Trisamayavyuharaja - Empowerment Related to Buddha Shakyamuni

March 23rd 2014

New Delhi, India, 23 March 2014 - On the final morning of a short series of teachings His Holiness the Dalai Lama has been giving in Delhi at the request of the Foundation for Universal Responsibility he gave a Trisamayavyuharaja empowerment. All seats in the hall were filled as more than 300 people sat quietly while His Holiness undertook the preparatory rituals. When he was ready he began to explain:

“Today’s teaching is from the Tantrayana. If we look back in history there has long been some controversy about the status of both the Mahayana and Tantrayana. Nagarjuna defended the authenticity of the Mahayana, asserting that it was indeed the teaching of the Buddha. Maitreya, Bhavaviveka and later Shantideva all confirmed Mahayana’s being the authentic teaching of the Buddha.”


His Holiness the Dalai Lama during the final day of his three day teaching in New Delhi, India on March 23, 2014. Photo/Tenzin Choejor/OHHDL
His Holiness explained that in the Vinaya, which is preserved in the Pali tradition, monks are accorded the highest reverence. In the Mahayana of the Sanskrit tradition both lay men and women are also accorded respect.

“In Taiwan and China today there are some who still challenge the authenticity of the Mahayana and this is true to some extent in countries that follow the Pali tradition. The action, performance and yoga tantras have been practised in China, Japan, Korea and Vietnam, but in these countries there has been a diffusion of traditions. For example, Zen is separate from the Japanese tantric traditions. In Tibet, the Vinaya is the basis on which the Bodhisattva’s practices are done in conjunction with the practice of tantra. It is characteristic of Tibetan Buddhism that all three vehicles are integrated and practised together.”

Recalling a Western scholar’s qualms about the authenticity of the Mahayana at a conference in Delhi, His Holiness reported that he had suggested that Indian scholars like Nagarjuna living only four centuries after the Buddha were in a better position to judge. The evidence of his writings shows that Nagarjuna was sceptical and scientific in his approach to such questions.

His Holiness digressed to admit that his own scientific investigations have led him to reject certain traditional Buddhist doctrines. Although he memorized Vasabandhu’s ‘Treasury of Knowledge’ when he was young, he no longer believes in the cosmological explanations found in Chapter 3 regarding the existence of Mt Meru, a flat earth and measurements related to the sun and moon. The scriptural accounts do not accord with empirical scientific observation. However, he remarked that explanations of the Four Noble Truths and emptiness are far more important. And with regard to understanding these topics and the final destination of Buddhahood scholars of the Mahayana and Sanskrit traditions are immensely helpful. He said reading their accounts makes you feel that attaining Buddhahood is possible.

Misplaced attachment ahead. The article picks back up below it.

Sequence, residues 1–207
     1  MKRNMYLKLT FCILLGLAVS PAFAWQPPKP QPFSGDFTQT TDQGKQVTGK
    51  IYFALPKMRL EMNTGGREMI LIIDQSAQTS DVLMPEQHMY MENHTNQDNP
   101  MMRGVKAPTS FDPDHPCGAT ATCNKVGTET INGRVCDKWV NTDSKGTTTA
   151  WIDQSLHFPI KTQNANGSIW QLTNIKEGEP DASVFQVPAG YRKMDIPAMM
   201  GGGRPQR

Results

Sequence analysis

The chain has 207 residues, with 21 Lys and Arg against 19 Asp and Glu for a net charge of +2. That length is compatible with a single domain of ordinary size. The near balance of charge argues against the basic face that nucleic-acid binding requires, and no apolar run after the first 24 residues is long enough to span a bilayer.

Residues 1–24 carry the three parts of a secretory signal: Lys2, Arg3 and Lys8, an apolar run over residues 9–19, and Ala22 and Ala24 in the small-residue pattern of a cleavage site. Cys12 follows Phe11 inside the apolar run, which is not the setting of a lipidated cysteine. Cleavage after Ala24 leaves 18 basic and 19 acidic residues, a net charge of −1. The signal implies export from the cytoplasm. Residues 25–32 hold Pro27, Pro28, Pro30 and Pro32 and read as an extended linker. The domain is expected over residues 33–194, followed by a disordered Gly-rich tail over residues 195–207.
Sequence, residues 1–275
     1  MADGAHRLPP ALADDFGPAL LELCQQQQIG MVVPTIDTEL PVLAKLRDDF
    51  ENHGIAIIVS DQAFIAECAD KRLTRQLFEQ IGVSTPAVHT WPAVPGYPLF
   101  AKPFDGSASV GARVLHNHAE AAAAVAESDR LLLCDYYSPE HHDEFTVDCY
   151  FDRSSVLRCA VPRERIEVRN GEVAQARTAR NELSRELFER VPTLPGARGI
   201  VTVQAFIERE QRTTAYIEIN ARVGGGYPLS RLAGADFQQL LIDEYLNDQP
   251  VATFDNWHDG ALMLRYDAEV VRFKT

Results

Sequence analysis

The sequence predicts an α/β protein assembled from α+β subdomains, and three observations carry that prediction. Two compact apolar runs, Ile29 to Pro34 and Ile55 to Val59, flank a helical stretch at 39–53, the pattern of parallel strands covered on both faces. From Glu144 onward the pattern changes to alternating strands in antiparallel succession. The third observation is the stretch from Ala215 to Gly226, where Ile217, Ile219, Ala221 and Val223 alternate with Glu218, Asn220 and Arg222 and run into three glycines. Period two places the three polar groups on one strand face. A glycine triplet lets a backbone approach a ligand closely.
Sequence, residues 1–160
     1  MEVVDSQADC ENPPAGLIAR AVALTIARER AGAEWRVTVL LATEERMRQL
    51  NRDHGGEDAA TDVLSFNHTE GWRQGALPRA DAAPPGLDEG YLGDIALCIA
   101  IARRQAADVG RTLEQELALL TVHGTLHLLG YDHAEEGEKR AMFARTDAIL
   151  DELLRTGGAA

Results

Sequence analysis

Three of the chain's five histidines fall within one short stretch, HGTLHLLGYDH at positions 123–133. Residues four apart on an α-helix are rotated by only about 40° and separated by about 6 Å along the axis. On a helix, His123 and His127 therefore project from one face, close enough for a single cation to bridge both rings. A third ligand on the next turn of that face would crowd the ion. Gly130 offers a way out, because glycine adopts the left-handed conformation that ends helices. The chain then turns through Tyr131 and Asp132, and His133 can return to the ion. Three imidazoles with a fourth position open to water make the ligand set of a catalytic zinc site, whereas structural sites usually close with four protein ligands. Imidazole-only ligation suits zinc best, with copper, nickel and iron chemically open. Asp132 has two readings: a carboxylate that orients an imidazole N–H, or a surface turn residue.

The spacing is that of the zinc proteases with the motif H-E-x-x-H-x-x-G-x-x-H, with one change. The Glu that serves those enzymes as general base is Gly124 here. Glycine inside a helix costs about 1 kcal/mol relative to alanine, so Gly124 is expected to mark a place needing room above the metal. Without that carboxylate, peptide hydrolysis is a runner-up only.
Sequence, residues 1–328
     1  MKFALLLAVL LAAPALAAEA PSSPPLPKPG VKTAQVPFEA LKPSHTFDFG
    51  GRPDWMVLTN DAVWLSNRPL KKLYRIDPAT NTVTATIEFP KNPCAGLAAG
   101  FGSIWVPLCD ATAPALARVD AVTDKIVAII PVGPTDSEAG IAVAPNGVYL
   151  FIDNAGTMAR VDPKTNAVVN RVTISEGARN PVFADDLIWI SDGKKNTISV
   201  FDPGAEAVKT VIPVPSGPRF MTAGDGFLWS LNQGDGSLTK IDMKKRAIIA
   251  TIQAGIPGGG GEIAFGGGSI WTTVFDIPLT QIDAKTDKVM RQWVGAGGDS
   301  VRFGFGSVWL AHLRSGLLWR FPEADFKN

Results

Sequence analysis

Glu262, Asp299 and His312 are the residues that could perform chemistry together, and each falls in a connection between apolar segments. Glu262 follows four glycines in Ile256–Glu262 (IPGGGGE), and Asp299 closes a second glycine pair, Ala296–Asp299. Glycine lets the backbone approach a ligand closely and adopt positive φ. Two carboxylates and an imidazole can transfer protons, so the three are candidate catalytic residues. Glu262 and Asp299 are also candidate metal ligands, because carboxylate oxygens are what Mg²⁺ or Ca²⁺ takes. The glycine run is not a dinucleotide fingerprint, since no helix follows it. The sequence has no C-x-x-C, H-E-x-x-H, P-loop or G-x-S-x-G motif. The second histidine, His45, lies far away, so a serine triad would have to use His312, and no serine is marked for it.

“Negative emotions can be overcome by antidotes that involve relatively coarse aspects of the mind, but their imprints can only be eliminated by the subtle mind. The possibility of actually doing this is revealed in the Highest Yoga Tantra explanations of the clear light and subtle body, speech and mind.”


Members of the audience wearing symbolic blindfolds during the final day of His Holiness the Dalai Lama's three day teaching in New Delhi, India on March 23, 2014. Photo/Tenzin Choejor/OHHDL
His Holiness pointed out that the word ‘mantra’ means something like ‘mind protector’, the basis of which is understanding emptiness, which protects the mind from ignorance and ordinary appearance. Achieving this is again related to the subtle mind. As an example of employing the subtle mind he cited the case of the 18th century lama Changkya Rolpai Dorje whose sight declined in his later years to the point where he could no longer read. To overcome this difficulty he used to arrange to employ his dream body to do his reading during dream time.

The same lama featured in another story His Holiness told of Tagphu Tenpai Gyaltsen, a lama reputed for his clairvoyance. Changkya Rolpai Dorje decided to test him by asking him to describe what he, Changkya, had in his pocket. Tagphu Rinpoche duly described a rosary. When Changkya asked how he knew, he said he would focus on what he wanted to know, then first a bell would appear to him followed by whatever object he was investigating.

As a preliminary to the empowerment, His Holiness asked those assembled to join him in reciting the Heart Sutra dharani - Gate, gate, paragate, parasamgate, bodhi svaha, which he had already explained to them. In the course of the empowerment he also bestowed the Bodhisattva vows. At the end he said:

“That’s it for this year. I look forward to seeing you again next year and hope that in the meantime there will have been a steady increase of inner strength.”
 

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